Flying Fox Heat-Stress Forecaster co-developed by Hawkesbury Institute for the Environment

LAST week’s heatwave saw temperatures soar above 40 degrees celcius in the Hawkesbury, and wildlife including flying-foxes were outside bearing the brunt of the heat.

But thanks to a flying-fox conservation tool developed by Western Sydney University’s Hawkesbury Institute for the Environment (HIE) together with the University of Melbourne, CSIRO, and the Bureau of Meteorology, wildlife carers were able to mobilise more quickly in their efforts to save heat-stressed animals.

Perished spectacled flying-foxes as a result of the Queensland heatwave of November 2018, which killed-off 30,000 of the country's population of 75,000. Picture: Supplied

Perished spectacled flying-foxes as a result of the Queensland heatwave of November 2018, which killed-off 30,000 of the country's population of 75,000. Picture: Supplied

Flying-foxes die from hyperthermia at temperatures beyond 42 degrees celcius, sometimes with catastrophic consequences for their species.

In November last year, an extreme heatwave in Queensland killed-off over a third of the entire country’s population of spectacled flying-foxes - a vulnerable species - culling 30,000 of the population of 75,000.

Dr Justin Welbergen, a senior lecturer in animal ecology at HIE and president of the Australalasian Bat Society, has long been at the forefront of research and awareness raising around the impacts of extreme heat on flying-foxes, and was part of the team responsible for developing the Flying Fox Heat-Stress Forecaster.

It helps stakeholders including wildlife carers, land managers and public health officials identify where and when flying-fox die-offs are likely to occur, up to 72 hours into the future.

“Historically, wildlife carers used to look at the normal weather forecast, and be aware of local flying-fox camps,” said Dr Welbergen.

“When temperatures were predicted to be high, they’d go out and observe those camps, rescue any heat-stressed individuals, rehabilitate them for up to six months, and release them back into the wild.

“The Forecaster makes the process of identifying the camps much more efficient, as it generates a priority list of camps most likely to be affected.”

Generator outputs include up-to-date maps of affected areas, hourly temperature profiles of affected camps, and a list that prioritises camps by date, maximum temperature, and the number of flying-foxes present.

In the lead-up to last week’s heatwave, the tool predicted that at least 37 flying-fox camps across Victoria and NSW would experience dangerously high temperatures.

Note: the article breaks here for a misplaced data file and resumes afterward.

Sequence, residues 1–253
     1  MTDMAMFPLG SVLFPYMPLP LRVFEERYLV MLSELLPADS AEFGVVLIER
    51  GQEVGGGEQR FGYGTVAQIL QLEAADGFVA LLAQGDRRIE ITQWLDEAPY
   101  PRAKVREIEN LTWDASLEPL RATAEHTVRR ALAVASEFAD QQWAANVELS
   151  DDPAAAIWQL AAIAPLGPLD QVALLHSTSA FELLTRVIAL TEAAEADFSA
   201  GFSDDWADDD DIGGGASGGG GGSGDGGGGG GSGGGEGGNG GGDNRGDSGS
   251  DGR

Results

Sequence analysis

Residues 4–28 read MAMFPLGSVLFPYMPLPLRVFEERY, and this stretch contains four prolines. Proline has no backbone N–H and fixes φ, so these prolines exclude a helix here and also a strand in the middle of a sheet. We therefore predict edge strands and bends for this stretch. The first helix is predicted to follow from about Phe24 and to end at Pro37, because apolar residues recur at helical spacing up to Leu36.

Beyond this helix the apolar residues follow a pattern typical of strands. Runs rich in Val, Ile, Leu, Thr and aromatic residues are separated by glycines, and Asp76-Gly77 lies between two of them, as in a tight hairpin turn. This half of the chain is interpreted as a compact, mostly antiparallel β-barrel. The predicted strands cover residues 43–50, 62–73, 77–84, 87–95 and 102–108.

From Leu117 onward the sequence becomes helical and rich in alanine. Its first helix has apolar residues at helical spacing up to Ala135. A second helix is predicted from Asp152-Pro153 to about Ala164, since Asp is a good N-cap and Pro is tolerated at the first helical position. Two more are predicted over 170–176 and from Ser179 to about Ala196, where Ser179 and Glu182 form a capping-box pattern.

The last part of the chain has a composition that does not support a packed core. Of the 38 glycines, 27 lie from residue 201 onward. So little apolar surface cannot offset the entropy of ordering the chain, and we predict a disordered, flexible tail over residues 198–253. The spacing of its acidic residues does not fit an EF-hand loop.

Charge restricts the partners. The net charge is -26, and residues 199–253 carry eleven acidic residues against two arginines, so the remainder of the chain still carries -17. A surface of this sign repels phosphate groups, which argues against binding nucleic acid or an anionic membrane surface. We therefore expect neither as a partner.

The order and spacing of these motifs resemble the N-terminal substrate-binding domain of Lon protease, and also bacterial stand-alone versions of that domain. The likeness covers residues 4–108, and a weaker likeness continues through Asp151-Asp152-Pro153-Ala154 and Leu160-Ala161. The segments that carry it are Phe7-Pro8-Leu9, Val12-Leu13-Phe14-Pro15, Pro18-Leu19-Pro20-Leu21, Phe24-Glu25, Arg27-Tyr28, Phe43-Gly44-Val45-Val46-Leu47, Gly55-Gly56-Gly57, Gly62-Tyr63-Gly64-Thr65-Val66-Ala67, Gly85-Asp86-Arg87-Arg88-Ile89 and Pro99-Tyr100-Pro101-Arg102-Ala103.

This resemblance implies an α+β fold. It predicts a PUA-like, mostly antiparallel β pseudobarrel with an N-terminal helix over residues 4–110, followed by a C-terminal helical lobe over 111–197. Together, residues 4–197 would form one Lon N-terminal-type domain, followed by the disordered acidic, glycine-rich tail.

A heat map generated by the Flying Fox Heat-Stress Forecaster indicating which areas would be affected during last Friday's extreme heat event. Picture: Supplied

A heat map generated by the Flying Fox Heat-Stress Forecaster indicating which areas would be affected during last Friday's extreme heat event. Picture: Supplied

The Forecaster has been operational for around two years, and 100 people across Australia - mostly on the east coast - have signed-up to use the online tool.

This includes land managers who use the tool to work out which flying-fox camps are likely to scatter due to the heat, and public health officials who are able to more accurately distribute information to healthcare professionals in areas where contact between flying-foxes and humans could occur due to scattered camps.

In the Hawkesbury, we have grey-headed flying-foxes (a vulnerable species) and black flying-foxes, and there are a number of local camps including at Windsor and Yarramundi.

Flying-foxes are extremely important to our area’s forest ecosystems, as they spread pollen seeds and help maintain the genetic diversity of our forests.

They are extremely mobile, with individuals constantly flying in and out of camps to other camps around the country.

Dr Welbergen said the Flying Fox Heat-Stress Forecaster was the first of its kind in the world, and would become an even more important tool for stakeholders in the future due to climate change.

“These extreme heat events are a very serious and ongoing issue for the conservation and management of flying-foxes,’ he said.

“This issue is set to escalate under climate change, which does not bode well for flying-foxes and other wildlife in Australia and beyond.”

People who find stressed or dead flying-foxes and other wildlife are warned not to handle them as they can carry Australian bat lyssavirus, closely related to the rabies virus.

Instead, residents are urged to immediately phone WIRES on 1300 094 737.

Find the Flying Fox Heat-Stress Forecaster at www.animalecologylab.org/ff-heat-stress-forecaster.

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